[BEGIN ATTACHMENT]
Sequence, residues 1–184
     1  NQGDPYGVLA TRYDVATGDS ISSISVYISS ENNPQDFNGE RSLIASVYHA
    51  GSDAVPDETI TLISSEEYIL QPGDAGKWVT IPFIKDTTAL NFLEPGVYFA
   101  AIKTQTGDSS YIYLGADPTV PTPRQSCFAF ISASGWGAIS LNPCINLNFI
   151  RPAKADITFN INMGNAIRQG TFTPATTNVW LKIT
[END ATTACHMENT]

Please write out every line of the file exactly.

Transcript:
Sequence, residues 1–184
     1  NQGDPYGVLA TRYDVATGDS ISSISVYISS ENNPQDFNGE RSLIASVYHA
    51  GSDAVPDETI TLISSEEYIL QPGDAGKWVT IPFIKDTTAL NFLEPGVYFA
   101  AIKTQTGDSS YIYLGADPTV PTPRQSCFAF ISASGWGAIS LNPCINLNFI
   151  RPAKADITFN INMGNAIRQG TFTPATTNVW LKIT